Marc Anthony: That was the most daunting part of it. I thought that was going to be the easiest part. I thought I grew up listening to these songs, they are standard. But I realized about five minutes into the recording of the first track that I was in for a long night. I couldn’t get my hand around his phrasing. That’s when I realized his sheer genius, I challenge anybody to go in and dissect his style, his phrasing is so unique to him right there I realize why they call him the singer’s singer. Because um, so much of it was, you thought you were singing along and singing just like him but there was a lot more going on. That was the most daunting part- I realized oh my wow. Once I got it, and analyzed what hi tendencies ere, it was a little easier.

On the soundtrack, is it you doing the songs or is it you doing Hector doing the songs?

Marc Anthony: It was me doing Hector doing the songs. People are going to discover Hector for the first time. It is music I recorded for the movie.

Can you talk about the differences between Marc the actor and Marc the musician in terms of preparing, thinking about the difference between stepping into someone’s life and exemplifying your own?

Marc Anthony: I think it’s one and the same. I think I have done eight films, and eight albums. I don’t think I am an actor that sings or a singer that acts. It’s storytelling at the end of the day. Only one version takes an hour and a half and the other I can tell you a story in four minutes. But its storytelling and something that fascinates me.

When was the first time you connected to salsa music in a really personal profound way?

Marc Anthony: To be honest it was my parent’s music. I was in to Motown and Gladys Knight and Marvin Gaye and the Temptations. That was my thing growing up in the 70’s. My older brothers were into that scene I remember them running home- especially my brother Noel. It was like a Harry Potter book or something. I got it, I got it, I got the new Hector Lavoe, Willie Colon album and I remember it just blaring from his room. But I think the first time would be El Dia De Mi Suerte which is a song that I performed when it starts raining just before he jumps. That song always hit me because it’s a song about, he keeps saying is, “Man I keep hearing that my luck is going to change man, you know, maybe its true. Can someone tell me when?” Then he goes into this thing about when he was five he lost his mom but his dad was like don’t worry about it your luck is going to change and then his dad dies but in the song. I remember it striking me. He was so jovial and if you didn’t understand what he was saying you would say oh my god you can dance and party to this- and I was like do you realize what he’s saying. I got up and bought a 45. And I wasn’t well versed in Spanish because it wasn’t my first language. But I wrote every word as best I could and it’s the first one; and I remember writing the lyrics down and getting it for the first time.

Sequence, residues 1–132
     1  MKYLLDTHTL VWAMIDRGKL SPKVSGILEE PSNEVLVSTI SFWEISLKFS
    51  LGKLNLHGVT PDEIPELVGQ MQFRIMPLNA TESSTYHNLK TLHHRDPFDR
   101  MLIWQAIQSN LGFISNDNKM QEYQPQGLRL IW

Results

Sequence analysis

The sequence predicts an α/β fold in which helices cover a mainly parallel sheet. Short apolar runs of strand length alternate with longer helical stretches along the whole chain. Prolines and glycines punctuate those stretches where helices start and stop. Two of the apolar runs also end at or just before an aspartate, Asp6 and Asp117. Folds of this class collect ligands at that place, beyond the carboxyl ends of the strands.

You said he was only happy when he was performing, but he didn’t write a large percentage of the songs he sang- would he have felt more fulfilled ff the stage if he had spent more time writing?

Marc Anthony: Probably- you see back then he was contending with so many things. According to Puchi we had eleven hours of Puchi tapes that was a resource beyond- we would listen to 24 hours a day- her stories were anecdotes of her take on certain events- what happened on this night that headed up in the headlines. She said he was diagnosed schizophrenic which I didn’t know. And he was struggling with that. And then addiction. And issues that the normal that were difficult for the lay person and all this under the glare of what being famous is and keeping it quiet- I could not imagine. I kept thinking through the film that he was a sacrificial lamb, he was put on this earth not to enjoy and not to grow as a person but to leave us this amazing music and then to leave us. There are some people who have that impact on generations and cultures.

Your portrayal of the drug scenes are some of the best I have ever seen. What kind of research did you do?

Marc Anthony: You just have to be really tired. Really, just try to take a nap and have them wake you up during the action part. You just go what?? I didn’t follow any junkies around or any heroin addicts. That’s what worked for me. It’s not a stretch.

How about snorting that stuff?

Marc Anthony: Oh it’s nasty. It’s milk powder and sugar and its just nasty and that’s where the acting came in because just like anything- its like pepper- your natural reaction is to expel it and to act like there is nothing going on and you are enjoying it- it’s one of the hardest things to do.

When did you first realize you had a voice yourself, when did you first realize you had something there?